By Ben Leubsdorf

Hiring by U.S. employers remained healthy in October as wage growth accelerated to its strongest pace since the recession, signaling solid momentum in the labor market and broader economy just days before American voters elect a new president.

Nonfarm payrolls rose by a seasonally adjusted 161,000 in October from the prior month, following September's upwardly revised gain of 191,000, the Labor Department said Friday.

The report "was not a shocker, but it was definitely on the strong side, " Amherst Pierpont Securities chief economist Stephen Stanley said in a note to clients. The unemployment rate, derived from a separate survey of American households, tickeddown to 4.9% last month from 5% in September because the labor force shrank. The labor-force participation rate edged lower, to 62.8% in October from 62.9% the prior month, but remained elevated from its October 2015 level of 62.5% .

Economists surveyed by The Wall Street Journal had expected 173,000 new jobs and a jobless rate of 4.9% in October.

A highlight from Friday's report: Average hourly earnings for private-sector workers rose 2.8% in October compared with a year earlier, the strongest annual wage growth since June 2009.

The report, with its evidence of a tightening labor market, likely keeps the Federal Reserve on track to potentially raise rates at its mid-December policy meeting.

"The solid gain in employment and the acceleration in average hourly earnings growth in October will increase expectations that the Fed will hike interest rates in December," said Paul Ashworth, chief U.S. economist at Capital Economics, in a note to clients. He added, though, that his prediction assumes "that the election doesn't throw a spanner in the works."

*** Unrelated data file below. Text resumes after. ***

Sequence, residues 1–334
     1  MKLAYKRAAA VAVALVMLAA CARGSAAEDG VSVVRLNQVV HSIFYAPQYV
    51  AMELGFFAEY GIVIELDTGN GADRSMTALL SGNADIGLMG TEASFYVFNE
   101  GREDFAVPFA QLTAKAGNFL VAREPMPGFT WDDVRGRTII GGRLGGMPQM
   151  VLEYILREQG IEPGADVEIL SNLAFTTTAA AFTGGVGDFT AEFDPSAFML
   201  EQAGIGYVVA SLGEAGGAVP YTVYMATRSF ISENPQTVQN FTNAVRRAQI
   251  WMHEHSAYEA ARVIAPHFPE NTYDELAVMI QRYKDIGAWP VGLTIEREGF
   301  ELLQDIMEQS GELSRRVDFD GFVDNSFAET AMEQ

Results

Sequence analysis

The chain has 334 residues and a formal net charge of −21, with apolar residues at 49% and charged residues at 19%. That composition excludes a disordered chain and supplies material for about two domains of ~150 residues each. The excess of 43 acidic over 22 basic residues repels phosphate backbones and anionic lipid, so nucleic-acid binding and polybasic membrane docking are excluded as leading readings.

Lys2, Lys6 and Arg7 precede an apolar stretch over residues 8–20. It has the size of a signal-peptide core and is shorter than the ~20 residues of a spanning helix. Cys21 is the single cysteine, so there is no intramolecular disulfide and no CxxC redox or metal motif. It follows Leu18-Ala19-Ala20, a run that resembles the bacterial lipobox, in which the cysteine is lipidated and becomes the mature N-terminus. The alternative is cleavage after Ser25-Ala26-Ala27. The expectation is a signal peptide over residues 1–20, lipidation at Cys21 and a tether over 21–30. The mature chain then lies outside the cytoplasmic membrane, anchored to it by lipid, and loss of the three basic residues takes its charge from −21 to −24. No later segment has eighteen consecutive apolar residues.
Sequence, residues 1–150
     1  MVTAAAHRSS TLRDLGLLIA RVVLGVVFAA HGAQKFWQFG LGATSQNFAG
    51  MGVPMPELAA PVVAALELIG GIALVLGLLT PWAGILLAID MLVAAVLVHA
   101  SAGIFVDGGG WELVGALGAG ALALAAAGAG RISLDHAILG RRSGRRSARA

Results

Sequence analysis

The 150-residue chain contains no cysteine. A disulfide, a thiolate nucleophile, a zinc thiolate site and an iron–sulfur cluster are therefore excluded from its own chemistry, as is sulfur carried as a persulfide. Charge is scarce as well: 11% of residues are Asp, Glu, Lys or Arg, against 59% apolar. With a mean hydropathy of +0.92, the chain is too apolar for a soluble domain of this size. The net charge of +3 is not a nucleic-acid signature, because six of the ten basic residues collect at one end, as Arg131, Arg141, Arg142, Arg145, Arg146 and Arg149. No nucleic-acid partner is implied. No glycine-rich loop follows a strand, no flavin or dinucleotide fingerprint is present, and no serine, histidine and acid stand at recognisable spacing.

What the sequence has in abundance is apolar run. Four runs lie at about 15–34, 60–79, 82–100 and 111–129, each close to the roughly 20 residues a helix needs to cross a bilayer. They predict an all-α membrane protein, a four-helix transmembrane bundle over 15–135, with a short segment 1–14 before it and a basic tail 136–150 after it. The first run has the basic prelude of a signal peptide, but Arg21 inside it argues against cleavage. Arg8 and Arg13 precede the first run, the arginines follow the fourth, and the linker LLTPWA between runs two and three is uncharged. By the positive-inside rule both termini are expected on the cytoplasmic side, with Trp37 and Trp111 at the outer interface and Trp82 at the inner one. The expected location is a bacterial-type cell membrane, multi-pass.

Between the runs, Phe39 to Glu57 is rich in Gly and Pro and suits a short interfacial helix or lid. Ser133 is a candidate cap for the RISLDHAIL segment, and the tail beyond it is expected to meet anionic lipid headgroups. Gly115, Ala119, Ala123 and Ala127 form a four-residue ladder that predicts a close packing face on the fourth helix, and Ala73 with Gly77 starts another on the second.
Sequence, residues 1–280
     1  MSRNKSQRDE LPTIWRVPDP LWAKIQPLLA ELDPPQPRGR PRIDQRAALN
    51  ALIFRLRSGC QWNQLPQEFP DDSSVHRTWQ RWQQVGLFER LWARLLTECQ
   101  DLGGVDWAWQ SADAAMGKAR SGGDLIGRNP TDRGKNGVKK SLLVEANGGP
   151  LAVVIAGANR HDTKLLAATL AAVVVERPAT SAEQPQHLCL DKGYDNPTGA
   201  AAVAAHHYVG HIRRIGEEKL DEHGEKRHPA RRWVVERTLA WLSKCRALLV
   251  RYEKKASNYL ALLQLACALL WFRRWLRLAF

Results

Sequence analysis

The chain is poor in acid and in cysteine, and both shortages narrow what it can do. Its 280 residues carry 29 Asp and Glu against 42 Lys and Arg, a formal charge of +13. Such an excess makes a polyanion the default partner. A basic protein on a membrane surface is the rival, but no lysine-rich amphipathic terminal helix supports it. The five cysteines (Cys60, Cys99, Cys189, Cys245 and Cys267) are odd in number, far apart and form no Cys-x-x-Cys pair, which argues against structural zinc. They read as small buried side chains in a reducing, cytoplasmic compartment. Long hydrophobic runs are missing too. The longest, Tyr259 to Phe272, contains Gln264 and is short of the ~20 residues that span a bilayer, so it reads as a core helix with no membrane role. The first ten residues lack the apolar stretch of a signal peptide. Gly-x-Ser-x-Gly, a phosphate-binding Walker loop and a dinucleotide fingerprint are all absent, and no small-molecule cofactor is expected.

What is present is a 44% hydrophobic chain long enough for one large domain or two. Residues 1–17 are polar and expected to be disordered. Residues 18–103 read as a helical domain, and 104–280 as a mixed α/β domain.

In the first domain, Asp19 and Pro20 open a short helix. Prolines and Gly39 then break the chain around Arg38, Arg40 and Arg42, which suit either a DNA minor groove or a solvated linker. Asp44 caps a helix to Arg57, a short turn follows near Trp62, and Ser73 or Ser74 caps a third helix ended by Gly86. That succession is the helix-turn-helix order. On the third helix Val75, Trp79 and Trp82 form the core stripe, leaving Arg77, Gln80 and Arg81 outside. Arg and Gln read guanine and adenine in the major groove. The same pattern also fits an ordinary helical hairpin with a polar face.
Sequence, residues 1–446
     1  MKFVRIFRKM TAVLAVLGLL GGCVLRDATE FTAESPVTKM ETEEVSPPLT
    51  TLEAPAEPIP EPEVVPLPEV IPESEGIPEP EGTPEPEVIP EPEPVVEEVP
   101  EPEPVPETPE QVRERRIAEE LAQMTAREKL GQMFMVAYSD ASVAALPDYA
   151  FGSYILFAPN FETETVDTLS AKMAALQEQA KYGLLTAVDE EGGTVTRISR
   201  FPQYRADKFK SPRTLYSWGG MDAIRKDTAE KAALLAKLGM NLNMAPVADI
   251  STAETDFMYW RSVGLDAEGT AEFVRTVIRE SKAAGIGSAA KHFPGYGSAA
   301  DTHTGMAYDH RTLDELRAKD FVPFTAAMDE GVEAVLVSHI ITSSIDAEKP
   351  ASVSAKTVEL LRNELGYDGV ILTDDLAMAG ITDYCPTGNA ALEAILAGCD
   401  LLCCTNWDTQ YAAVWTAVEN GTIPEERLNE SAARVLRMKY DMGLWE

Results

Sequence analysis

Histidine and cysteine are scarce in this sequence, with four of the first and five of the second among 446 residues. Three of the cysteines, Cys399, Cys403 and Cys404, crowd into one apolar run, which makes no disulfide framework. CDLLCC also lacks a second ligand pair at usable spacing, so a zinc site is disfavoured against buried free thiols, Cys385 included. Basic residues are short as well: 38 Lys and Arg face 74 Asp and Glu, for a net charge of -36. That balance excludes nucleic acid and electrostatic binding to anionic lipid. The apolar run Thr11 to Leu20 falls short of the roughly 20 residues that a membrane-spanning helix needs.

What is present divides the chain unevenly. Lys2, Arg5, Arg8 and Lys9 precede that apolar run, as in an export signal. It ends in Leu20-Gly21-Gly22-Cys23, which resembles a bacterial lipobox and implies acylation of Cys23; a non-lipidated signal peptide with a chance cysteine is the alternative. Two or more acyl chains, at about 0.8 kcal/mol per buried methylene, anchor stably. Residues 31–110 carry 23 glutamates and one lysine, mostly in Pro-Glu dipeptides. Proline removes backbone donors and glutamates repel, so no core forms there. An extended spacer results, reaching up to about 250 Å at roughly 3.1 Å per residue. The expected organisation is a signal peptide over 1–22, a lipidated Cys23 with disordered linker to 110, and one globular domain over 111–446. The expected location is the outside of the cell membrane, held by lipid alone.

Revisions added a total of 44,000 jobs to earlier payroll estimates for August and September. Hiring over the past three months averaged 176,000 a month. The overall pace of job creation has slowed in 2016, averaging 181,000 a month through October versus 229,000 for all of 2015.

Job gains were broad across most sectors of the economy in October, though employment fell in industries including manufacturing, retail trade, and mining and logging.

Wages continued to rise as the labor market tightened and employers competed to hire and retain workers. Average hourly earnings for private-sector workers rose 10 cents from September, or 0.4%, to $25.92 in October. Economists had expected a 0.3% increase on the month.

The Labor Department said the average workweek last month was unchanged from September.

A broad measure of unemployment and underemployment, known as the U-6, including Americans working part-time jobs who want full-time positions, was 9.5% in October, dropping from 9.7% from the prior month and reaching its lowest level since April 2008.

Hurricane Matthew, which battered the southeastern U.S. last month, offered a potential complication in interpreting the October report due to related evacuations and damage. The Labor Department noted that the hurricane "affected parts of the East Coast during the October reference periods for the establishment and household surveys."

Jim O'Sullivan, chief U.S. economist at High Frequency Economics, said in a note to clients that October's hiring figure "was likely depressed by weather effects."

Friday's report was the last major economic indicator to be released before Election Day. It came after the Commerce Department last week reported U.S. economic growth accelerated during the third quarter following a modest stretch in late 2015 and early 2016.